Because statins and aminobisphosphonates exert a synergistic effect on bone and cartilage cells, and on bone and cartilage extracellular matrices [46], our alendronatepravastatin topical combination probably elicited similar effects on human skin, thus explaining the anti-wrinkle activity observed in our study.

Progerin has already been detected in both keratinocytes and dermal fibroblasts in human skin biopsies sampled from several anatomical regions of aged patients [11]. Furthermore, the combination of another aminobisphosphonate (zoledronate) and pravastatin restores several morphological parameters (nuclear shape and size) and numerous biological parameters (DNA repair, overexpression of p53 target genes) in cultured fibroblasts from progeria patient skin biopsies, as well as skin defects in a progeria mouse model [12]. The same zoledronate-pravastatin combination corrects the shape of skin keratinocyte nuclei in model mice expressing progerin under the control of the keratin 14 promoter [47]. Through the inhibition of two enzymes of the isoprenoid biosynthesis pathway, HMG-CoA reductase and farnesylpyrophosphate synthase, respectively, statin and aminobisphosphonate decreased the synthesis of farnesylpyrophosphate, the precursor of the farnesyl anchor on proteins [7]. Mass spectrometry experiments have demonstrated that progerin is neither farnesylated nor geranylgeranylated in skin fibroblasts from progeria patients or from a mouse model of progeria, treated with zoledronate and pravastatin [12]. Thus, the zoledronate-pravastatin combination reduces the cellular toxicity and pro-aging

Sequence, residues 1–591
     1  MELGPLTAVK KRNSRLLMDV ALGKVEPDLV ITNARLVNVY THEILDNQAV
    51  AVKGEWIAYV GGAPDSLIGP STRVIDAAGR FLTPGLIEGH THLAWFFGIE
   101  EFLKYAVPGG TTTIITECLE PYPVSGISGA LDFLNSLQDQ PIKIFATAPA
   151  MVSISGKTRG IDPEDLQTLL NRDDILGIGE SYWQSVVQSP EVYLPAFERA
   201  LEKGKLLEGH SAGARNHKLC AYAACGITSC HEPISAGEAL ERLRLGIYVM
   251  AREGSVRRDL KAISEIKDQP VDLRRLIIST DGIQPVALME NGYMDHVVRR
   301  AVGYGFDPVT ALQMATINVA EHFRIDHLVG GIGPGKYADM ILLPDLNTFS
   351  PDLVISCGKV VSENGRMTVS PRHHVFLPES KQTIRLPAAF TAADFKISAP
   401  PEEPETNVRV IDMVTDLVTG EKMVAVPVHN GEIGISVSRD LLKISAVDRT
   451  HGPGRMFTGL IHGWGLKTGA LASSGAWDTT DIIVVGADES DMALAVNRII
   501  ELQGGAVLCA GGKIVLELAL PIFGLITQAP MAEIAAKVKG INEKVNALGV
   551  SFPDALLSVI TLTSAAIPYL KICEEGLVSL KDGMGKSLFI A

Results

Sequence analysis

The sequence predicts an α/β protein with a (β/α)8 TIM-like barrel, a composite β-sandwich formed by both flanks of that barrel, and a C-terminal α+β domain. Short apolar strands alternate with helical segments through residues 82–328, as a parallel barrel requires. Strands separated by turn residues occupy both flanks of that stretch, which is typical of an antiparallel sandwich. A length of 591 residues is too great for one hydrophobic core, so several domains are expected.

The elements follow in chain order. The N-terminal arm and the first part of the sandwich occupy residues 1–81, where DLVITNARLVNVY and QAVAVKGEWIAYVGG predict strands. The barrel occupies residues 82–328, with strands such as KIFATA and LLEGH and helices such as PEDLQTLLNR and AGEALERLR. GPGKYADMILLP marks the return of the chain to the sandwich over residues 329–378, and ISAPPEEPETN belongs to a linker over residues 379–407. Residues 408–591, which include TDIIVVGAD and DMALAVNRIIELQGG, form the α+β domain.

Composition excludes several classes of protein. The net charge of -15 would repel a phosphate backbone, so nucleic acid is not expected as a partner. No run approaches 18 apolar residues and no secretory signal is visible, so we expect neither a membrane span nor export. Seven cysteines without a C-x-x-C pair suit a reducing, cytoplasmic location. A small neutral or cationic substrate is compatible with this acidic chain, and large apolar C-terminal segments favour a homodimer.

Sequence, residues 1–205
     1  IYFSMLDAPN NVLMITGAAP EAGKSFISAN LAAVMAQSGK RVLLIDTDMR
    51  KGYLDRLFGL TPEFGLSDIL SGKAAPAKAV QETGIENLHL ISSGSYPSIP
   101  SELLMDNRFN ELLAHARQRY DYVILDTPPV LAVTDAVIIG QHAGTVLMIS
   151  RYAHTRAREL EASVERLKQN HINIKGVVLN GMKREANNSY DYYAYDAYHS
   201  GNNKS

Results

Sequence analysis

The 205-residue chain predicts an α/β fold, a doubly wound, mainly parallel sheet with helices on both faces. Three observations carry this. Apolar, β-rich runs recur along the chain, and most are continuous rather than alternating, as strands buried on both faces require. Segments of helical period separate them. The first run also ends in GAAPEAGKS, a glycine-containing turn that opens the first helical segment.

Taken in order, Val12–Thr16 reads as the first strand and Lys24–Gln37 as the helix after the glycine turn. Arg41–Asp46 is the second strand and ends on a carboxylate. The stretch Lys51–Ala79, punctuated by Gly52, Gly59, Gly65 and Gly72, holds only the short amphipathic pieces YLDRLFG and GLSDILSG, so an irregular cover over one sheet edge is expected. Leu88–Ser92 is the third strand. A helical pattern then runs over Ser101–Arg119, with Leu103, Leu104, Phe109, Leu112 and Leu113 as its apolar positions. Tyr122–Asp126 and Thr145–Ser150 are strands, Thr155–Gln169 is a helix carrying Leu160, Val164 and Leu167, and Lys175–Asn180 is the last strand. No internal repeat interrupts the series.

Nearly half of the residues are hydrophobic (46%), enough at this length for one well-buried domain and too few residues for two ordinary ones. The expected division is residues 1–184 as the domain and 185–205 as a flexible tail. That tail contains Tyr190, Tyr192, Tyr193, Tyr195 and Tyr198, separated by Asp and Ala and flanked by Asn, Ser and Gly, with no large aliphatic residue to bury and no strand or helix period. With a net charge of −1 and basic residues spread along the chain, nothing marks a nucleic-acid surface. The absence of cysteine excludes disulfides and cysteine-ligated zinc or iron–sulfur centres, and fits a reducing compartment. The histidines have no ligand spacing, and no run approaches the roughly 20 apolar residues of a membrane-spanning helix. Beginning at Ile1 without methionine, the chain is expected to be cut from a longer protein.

Figure 4. Improvement of wrinkle micro-relief by the alendronate-pravastatin topical combination. Original pictures before (D0, a) and after 84 days of treatment (D84, c). Digitized and flattened pictures before (b) and after treatment (d). Changes in crow’s feet rugosity and morphological parameters (expressed as percentages) from one subject [ma ximal change; minimal change recorded in the whole subject sample]. ST −22.7% [−28.2%; 17.1%]. SA −41.1% [−41.1%; 15.3%]. SQ −40.6% [−40.6%; 17.4%]. Stm −28.7% [−28.7%; 19.5%]. Vol −60.4% [−74.4%; 109.0%]. Ar −41.1% [−50.8%; 25.0%].

activity of progerin [12].

4. Conclusion

In conclusion, the present study showed that a cosmetic preparation containing a combination of the aminobisphosphonate, alendronate, and pravastatin exhibited antiaging properties on human skin.

5. Acknowledgements

We thank the volunteers who participated and Spincontrol who conducted the study, which was funded by PrenylB Company. Bénédicte Cantecor was the recipient of a grant from French National Association for Research and Technology (ANRT). We thank Sophie Perrin for carefully reading the manuscript and APL Scientific for English editing.